I can think of one valid reason you aren’t already on Twitter, and that’s if your business just opened. If that’s not the case, well, I’m glad you’re finally jumping on the bandwagon with the rest of humanity. And while Twitter can seem daunting – oh my God look at these tweets, it’s like a firehose – I promise you it’s easy to use.
I’lll even show you.
So why should you even be on Twitter? Aren’t there more people on Facebook? Like, a lot more people?
There are. But Facebook and Twitter serve pretty massively different purposes. Facebook is sort of an all-things-to-all-people proposition, leveraging social connections to help people communicate, connect with brands, donate to charities, organize events, play video games, and more and more and more. Twitter is more focused: it’s a giant conversation involving 500 million people, navigated primarily through nametags (those little @name thingies) and hashtags (those other #stuff thingies).
Twitter posts are limited to 140 characters, which is actually an advantage: it makes your tweets easy to digest and very to-the-point, allowing for easier, faster decision-making on the part of your audience.
It’s got massive business potential in three major areas: relationship building, relationship management, and customer service. It also has some pretty amazing seo potential, which we discuss elsewhere. You can use it to engage with potential or existing customers and drive visitors to your web content, giving you the opportunity to convert them into leads (and then into customers because that’s kinda the point).
In other words, Twitter is a conversation engine, allowing you to interact with people talking about your industry, generate buzz, and develop direct relationships with the public. That’s powerful stuff.
Twitter for Marketing
First things first, you need to make sure you have a completed Twitter profile that’s easy to access from your homepage. You need a clear profile image, a link back to your website, and a descriptive bio. But that’s basic.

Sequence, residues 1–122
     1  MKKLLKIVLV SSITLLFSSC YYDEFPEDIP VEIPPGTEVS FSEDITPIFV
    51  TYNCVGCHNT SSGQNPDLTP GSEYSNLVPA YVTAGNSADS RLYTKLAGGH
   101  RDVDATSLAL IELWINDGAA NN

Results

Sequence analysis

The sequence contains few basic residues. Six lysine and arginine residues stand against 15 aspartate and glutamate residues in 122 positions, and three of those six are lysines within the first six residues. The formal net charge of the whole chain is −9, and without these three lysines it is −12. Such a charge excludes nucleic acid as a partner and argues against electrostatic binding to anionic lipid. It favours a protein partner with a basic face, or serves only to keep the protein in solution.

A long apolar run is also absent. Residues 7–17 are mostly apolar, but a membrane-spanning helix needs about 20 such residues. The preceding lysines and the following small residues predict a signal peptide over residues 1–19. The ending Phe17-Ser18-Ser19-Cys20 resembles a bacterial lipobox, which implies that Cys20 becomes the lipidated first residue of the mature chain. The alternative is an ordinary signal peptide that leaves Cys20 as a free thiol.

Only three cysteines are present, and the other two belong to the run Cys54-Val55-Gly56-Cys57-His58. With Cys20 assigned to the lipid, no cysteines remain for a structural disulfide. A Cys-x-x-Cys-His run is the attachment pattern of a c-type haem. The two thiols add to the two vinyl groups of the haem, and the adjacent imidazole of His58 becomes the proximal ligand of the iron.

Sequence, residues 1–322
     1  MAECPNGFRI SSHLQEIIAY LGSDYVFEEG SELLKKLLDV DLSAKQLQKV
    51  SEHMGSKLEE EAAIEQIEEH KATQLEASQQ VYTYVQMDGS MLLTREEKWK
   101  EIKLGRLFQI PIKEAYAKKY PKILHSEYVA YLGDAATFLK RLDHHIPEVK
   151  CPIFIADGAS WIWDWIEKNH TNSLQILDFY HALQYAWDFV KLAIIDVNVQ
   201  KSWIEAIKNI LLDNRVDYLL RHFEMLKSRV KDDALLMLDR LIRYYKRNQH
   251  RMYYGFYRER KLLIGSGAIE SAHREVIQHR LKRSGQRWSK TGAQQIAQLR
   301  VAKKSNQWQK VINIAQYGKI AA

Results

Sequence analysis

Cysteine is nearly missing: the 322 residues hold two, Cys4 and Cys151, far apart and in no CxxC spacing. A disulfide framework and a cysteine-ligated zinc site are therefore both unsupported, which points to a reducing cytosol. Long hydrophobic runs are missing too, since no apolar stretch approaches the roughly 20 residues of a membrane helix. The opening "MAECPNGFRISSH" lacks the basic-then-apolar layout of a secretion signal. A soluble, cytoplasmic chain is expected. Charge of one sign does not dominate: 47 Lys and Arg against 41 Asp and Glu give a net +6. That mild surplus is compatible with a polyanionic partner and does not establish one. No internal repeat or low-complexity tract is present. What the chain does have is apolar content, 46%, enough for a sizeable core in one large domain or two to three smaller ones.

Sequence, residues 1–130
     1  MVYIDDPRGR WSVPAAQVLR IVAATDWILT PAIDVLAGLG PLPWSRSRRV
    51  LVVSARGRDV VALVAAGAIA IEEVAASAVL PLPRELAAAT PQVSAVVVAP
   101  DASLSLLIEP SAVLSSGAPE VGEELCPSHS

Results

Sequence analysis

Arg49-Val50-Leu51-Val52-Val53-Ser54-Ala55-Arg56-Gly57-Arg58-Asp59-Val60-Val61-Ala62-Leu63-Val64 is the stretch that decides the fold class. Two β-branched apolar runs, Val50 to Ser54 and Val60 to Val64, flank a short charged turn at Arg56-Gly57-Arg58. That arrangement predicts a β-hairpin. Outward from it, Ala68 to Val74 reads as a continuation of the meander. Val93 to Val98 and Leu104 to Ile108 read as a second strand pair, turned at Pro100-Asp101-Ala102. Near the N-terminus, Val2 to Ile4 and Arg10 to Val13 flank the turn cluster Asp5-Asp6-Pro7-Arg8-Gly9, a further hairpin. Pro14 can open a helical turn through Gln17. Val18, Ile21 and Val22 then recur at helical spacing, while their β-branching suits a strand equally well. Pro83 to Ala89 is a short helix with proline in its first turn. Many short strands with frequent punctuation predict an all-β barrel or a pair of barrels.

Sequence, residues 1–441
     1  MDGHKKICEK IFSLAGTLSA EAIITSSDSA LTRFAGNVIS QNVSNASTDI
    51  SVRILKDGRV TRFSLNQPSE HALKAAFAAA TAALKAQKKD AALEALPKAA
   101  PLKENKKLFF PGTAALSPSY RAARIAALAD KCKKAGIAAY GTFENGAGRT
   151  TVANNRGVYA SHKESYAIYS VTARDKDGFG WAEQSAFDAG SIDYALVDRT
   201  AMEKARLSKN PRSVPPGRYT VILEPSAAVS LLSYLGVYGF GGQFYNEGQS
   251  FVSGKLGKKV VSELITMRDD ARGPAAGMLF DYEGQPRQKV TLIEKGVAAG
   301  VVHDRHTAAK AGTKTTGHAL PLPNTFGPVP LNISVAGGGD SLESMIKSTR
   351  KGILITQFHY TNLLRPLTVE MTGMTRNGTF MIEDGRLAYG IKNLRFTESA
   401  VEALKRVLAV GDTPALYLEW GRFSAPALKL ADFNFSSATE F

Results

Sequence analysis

Let’s get down to brass tacks and talk strategy.
We’ll discuss paid advertising on Twitter in another post, but in any event, your Twitter strategy depends on your business, brand, and industry. There is no one-size-fits-all solution. But there are a few basics that we’re going to introduce you to.
- Twitter is for conversations, not one-sided announcements. While there is ample reason not to engage with every single person who tweets at you, you want to make a point of being responsive. Twitter helps you foster relationships with customers, and its often the first place they’ll turn to make a complaint or seek support; by being quick on the draw and engaging with people discussing you or your industry, you can both put out fires before they get out of control and build serious customer loyalty.
- Twitter is a giant firehose of text. The best way by far to stand out is by being visually striking. That means images, gifs, and videos – all of which Twitter supports. These attention-grabbers, when coupled with a great message, lead to an overall larger number of clicks, and a wider variety of engagement types; Twitter measures everything from opening up a tweet to clicking an image to clicking through to a profile. As often as possible, try to include an image.
- Keep it relevant! Not “relevant” in a social buzzword way. I mean actually, honestly relevant. The content you share on Twitter needs to be right for your audience – and that means you need to know exactly who you’re trying to reach here. We’ve talked a lot about developing buyer personas, so think: who of your customers are on Twitter? What are they there to do or read? Serve them.
Welcome to the Party
Imagine some weirdo who walks into a party and immediately starts trying to sell to everyone he knows. He’s not there for you. He’s there to use you. It feels skeevy and exploitative, and that’s because it is. So don’t just show up and start blasting your own promotional content and website. Go be a human being.
The best way to use Twitter is to actually use Twitter instead of treating it as a channel you use to pump content out into the world. That means talking with people, engaging, sharing (limited company-approved) interests in a real, human (company-approved) voice.
But that takes a massive investment of time and resources that, while totally worth it, might not be available. In that case, you simply need to make sure you’re following the 80/20 Rule: talk about other things 80% of the time, and save promotional content for the remaining 20%.
What that does is justify your place at the party, and makes your audience profoundly more likely to listen to you when you start talking about yourself. This can be as simple as sharing interesting news or content from anywhere online that your audience will find interesting; the key, in other words, is to sell without selling by not being a one-note song.
Goals like reach, awareness, buzz, customer satisfaction, and engagement are hugely important on Twitter, and are exactly as important as active lead generation. These numbers reinforce your ability to sell.